Classes and Captains
The club has three fleets - Enterprise, Visions and Lasers:
The Enterprise dinghy is a two man racing dinghy designed in the 1960s by Jack Holt. They have been sailed at London Corinthian Sailing Club for many years. Due to limited space in the club under-crofts and the Thames being a narrow and fast flowing tidal water the Enterprise is ideally suited. The fleet of five maintained club Enterprises are available for members to hire for racing or cruising.
Modest changes in class rules over the years means the Enterprise remains an affordable sailing dinghy for all budgets. As the Enterprise is a two man dinghy it is popular with couples, friends and experienced sailors looking for a simple sailing boat.
The recent introduction of the Mk III design having a double floor hull and self draining cockpit provides the advantage of recovering from a capsize almost empty of water. This is not to be underestimated !
The Enterprise is great for novices looking for that something extra in performance. At the club we want to see members progress from Vision to Enterprise. Freeing up Vision dinghies to allow the following years beginners and novices to come through. That progression means learning new skills to sail an Enterprise. At London Corinthian SC we endeavour to help members gain through tuition all necessary skills to sail safely on the River Thames.
Made available by the club are five Enterprise dinghies for members to hire. Four are Mk I Glass Reinforced Plastic (GRP) construction with aft main-sheet configuration. The fifth is a new Mk III GRP with centre main-sheet that matches the Vision training boats. Gaining the skills to use the different main-sheet configuration can be provided by the club. Just ask the training instructor for more information about Helming courses.
Jeremy Whiting is the class captain and he can be contacted at email@example.com
The RS Vision is an easy to handle, all round boat that's great for training, cruising or racing. There's lots of space – you can get 3 people in a Vision, and the boom's nice and high so you're less likely to bump your head! It's also very stable which makes it perfect if you're just getting into sailing. If you do capsize though, it's easy to right and, with its self-draining cockpit, it comes up dry.
For a bit more excitement, the Visions also have spinnakers. We run day courses to learn out how to use them or just find someone experienced who can show you how it's done.
We use Visions as our training boat for RYA level 1&2 courses. Once you've done your course, it's a good idea to get out on the river straight away and riverbanking or wacky racing in a Vision is a great way to build up your confidence and meet other members to sail with. Alternatively, you can always take a Vision out for a cruise when there's racing on. It's good to see a race in action and build up to racing.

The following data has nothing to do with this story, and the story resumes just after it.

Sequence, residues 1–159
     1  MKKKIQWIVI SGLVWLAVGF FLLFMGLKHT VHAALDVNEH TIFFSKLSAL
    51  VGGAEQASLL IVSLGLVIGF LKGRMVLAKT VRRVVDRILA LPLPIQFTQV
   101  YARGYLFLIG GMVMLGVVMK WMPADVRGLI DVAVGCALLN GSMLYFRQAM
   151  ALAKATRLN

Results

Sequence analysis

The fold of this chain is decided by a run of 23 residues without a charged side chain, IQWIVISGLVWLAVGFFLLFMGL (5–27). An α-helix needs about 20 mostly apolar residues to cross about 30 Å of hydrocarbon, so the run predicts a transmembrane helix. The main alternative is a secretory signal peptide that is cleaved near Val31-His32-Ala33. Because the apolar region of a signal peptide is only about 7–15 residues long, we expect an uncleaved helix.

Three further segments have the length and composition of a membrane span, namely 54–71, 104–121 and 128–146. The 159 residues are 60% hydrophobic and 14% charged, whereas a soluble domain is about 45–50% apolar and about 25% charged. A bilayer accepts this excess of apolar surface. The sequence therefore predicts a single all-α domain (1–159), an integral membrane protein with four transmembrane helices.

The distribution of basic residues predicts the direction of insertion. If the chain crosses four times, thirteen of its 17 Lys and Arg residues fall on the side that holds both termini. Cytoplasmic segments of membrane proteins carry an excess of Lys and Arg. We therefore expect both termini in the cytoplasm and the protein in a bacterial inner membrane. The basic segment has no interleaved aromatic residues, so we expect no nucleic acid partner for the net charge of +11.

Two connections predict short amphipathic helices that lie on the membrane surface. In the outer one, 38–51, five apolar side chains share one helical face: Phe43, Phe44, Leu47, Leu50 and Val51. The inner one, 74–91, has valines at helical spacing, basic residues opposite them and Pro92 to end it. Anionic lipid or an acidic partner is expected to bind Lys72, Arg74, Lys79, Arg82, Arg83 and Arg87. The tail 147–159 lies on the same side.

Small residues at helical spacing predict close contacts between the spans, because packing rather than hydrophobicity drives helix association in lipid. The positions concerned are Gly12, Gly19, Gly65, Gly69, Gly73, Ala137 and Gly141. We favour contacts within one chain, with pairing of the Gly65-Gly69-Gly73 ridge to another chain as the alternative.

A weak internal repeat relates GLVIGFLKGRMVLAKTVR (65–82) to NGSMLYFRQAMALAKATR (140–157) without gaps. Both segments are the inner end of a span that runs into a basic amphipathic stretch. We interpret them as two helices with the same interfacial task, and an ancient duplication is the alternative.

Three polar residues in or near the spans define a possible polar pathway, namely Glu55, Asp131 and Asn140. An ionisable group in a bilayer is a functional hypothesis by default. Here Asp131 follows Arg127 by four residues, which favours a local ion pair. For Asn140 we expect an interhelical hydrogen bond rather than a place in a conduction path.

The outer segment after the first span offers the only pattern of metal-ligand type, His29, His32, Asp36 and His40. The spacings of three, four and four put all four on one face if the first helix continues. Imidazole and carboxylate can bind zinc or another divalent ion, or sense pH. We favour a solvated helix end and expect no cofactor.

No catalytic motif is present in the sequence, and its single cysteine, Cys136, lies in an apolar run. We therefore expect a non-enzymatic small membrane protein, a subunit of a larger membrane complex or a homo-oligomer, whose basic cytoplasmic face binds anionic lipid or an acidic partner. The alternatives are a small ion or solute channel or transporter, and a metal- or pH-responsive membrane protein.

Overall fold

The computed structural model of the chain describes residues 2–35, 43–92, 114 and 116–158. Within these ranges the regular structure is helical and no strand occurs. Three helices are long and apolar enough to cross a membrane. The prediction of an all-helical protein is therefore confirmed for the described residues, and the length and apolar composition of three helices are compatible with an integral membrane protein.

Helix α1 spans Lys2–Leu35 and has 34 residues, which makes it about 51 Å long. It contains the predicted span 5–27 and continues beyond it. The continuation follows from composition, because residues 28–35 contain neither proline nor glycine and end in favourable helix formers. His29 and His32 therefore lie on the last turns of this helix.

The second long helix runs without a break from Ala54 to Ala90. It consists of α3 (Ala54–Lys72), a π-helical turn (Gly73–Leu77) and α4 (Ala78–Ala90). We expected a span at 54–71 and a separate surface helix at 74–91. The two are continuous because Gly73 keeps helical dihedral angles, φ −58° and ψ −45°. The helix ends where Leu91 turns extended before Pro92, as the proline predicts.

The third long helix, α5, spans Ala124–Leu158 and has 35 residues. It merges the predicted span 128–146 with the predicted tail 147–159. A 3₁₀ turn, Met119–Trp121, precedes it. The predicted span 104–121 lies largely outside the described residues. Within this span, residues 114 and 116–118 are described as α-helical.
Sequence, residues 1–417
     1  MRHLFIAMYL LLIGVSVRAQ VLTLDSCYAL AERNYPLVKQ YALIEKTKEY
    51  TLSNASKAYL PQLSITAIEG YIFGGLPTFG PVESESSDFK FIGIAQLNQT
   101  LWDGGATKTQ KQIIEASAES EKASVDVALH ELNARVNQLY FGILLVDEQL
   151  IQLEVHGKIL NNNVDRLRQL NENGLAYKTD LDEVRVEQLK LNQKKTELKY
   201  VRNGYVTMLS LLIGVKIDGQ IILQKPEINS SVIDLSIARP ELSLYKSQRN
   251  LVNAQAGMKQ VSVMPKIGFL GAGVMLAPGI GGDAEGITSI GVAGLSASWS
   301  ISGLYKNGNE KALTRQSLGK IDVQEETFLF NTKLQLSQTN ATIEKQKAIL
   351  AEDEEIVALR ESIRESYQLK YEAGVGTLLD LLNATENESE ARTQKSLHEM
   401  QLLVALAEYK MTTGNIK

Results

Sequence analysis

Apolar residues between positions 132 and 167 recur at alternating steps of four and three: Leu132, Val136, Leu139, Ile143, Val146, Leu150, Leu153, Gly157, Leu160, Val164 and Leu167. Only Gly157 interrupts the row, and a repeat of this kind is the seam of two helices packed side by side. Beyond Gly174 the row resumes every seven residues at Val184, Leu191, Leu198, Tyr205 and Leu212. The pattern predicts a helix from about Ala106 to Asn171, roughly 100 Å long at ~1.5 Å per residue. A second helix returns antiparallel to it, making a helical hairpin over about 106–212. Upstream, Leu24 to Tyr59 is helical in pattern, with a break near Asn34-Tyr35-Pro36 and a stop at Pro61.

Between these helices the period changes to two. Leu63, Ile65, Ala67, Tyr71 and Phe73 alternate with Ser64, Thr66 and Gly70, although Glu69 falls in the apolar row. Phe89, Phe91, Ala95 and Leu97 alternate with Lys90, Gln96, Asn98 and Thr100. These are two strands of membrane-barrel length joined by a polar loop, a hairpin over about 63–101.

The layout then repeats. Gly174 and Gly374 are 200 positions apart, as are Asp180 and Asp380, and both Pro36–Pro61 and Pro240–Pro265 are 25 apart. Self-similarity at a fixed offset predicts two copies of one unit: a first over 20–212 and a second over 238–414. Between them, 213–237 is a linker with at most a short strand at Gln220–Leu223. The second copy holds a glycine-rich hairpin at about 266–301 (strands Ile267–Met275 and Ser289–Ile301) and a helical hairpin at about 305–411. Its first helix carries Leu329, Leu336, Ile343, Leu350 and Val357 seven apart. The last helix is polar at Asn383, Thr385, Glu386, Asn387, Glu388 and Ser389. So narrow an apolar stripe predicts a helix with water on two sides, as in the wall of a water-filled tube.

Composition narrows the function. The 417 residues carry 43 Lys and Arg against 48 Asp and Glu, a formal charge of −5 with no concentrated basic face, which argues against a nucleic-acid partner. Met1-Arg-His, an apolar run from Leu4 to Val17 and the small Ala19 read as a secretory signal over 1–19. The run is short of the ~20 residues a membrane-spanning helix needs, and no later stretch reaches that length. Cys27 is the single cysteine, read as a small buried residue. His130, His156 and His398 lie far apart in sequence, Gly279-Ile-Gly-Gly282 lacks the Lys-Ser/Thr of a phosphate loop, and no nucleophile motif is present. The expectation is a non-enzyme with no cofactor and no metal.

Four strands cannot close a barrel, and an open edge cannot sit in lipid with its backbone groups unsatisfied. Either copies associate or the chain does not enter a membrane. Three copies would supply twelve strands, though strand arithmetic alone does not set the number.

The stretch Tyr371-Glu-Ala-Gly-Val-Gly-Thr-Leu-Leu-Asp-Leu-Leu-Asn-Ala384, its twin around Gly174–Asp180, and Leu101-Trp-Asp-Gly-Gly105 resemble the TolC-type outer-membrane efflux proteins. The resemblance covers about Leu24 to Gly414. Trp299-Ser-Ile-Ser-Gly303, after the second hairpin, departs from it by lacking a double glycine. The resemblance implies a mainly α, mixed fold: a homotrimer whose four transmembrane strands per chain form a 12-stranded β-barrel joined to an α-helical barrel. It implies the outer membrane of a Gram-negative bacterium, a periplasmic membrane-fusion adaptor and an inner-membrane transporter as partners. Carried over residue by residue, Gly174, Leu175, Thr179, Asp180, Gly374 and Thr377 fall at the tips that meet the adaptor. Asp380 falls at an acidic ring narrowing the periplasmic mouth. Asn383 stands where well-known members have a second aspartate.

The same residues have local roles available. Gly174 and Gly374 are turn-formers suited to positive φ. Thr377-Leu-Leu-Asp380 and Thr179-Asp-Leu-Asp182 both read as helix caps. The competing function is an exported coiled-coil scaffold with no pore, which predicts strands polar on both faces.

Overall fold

If you're up for racing, there are two types of races to compete in. Either one of the Points Series on a handicap basis, or in the Cup Races where there is our very own Vision Cup to be won.
Bill Burman is the class captain, he can be contacted on firstname.lastname@example.org
The Laser quite simply is a design classic: it is as groovy now as it was back in the Swinging Sixties when it was conceived. There are over 200,000 dinghies worldwide: robust and simple to rig and sail, it affords very competitive, one-design racing at every level. It is ideal for those who like a touch of athleticism in their sailing, but still requires guile and craft to sail competitively in all conditions.
One of its great virtues is that the rig can be modified to support a range of abilities and builds:
- the Standard with a sail area of 7.06 m², best for >80 kg (175 lb);
- the Radial (5.7 m²), 55 to 72 kg (121 to 159 lb); and
- the 4.7 (strangely 4.7 m²) - 45–65 kg (100–145 lb)
….so maybe that should be 3-design racing.
Welcoming at entry level, yet with the target of top competition, the Laser has been an Olympic class since 1996. At Corinthians, we pride ourselves on having a competitive fleet with a wide range of abilities from novice to international level with the facility to develop at every step of the way. 30 sailors have their own boat at the club and on any one weekend, there might be 10 -15 Lasers manoeuvringfor optimum position on the line.
Sailors are encouraged to sail on the wider circuit and the Thames Valley Cup is popular for the more adept. The Laser was originally designed to transport on top of a car but most find a road trolley easier.
There are 5 club boats for hire and new sailors have smaller rigs at their disposal to ease learning. You will easily transition from RYA 1 and 2 via wacky racing, river-banking, laser classes, cruising during race events, racing, club sailing trips and lots more. You will have the freedom to learn at your own pace and with the added advantage of only having responsibility for your own swimming opportunities.
15 minutes before the start the more competitive might have their "sailing faces" on, but catch them at any other time and you will find them an affable, supportive bunch who will be glad to help with rigging and tips. Generally, on any river-banking or wacky racing evening, there will be an experienced Laser sailor to help you on to, on, and off the water.
And expert sailors of a smaller build should not be concerned about their ability to compete: smaller rigs have a favourable yardstick in cross-fleet, Handicap Races; and Radials compete for their own prize (as well as the overall prize) in Laser races.
We are committed to growing the fleet at every level of competition and out-and-out, sheer enjoyment.
Class Captain: Stephen Meyen. To contact him, email email@example.com
Last updated 21:06 on 2 June 2017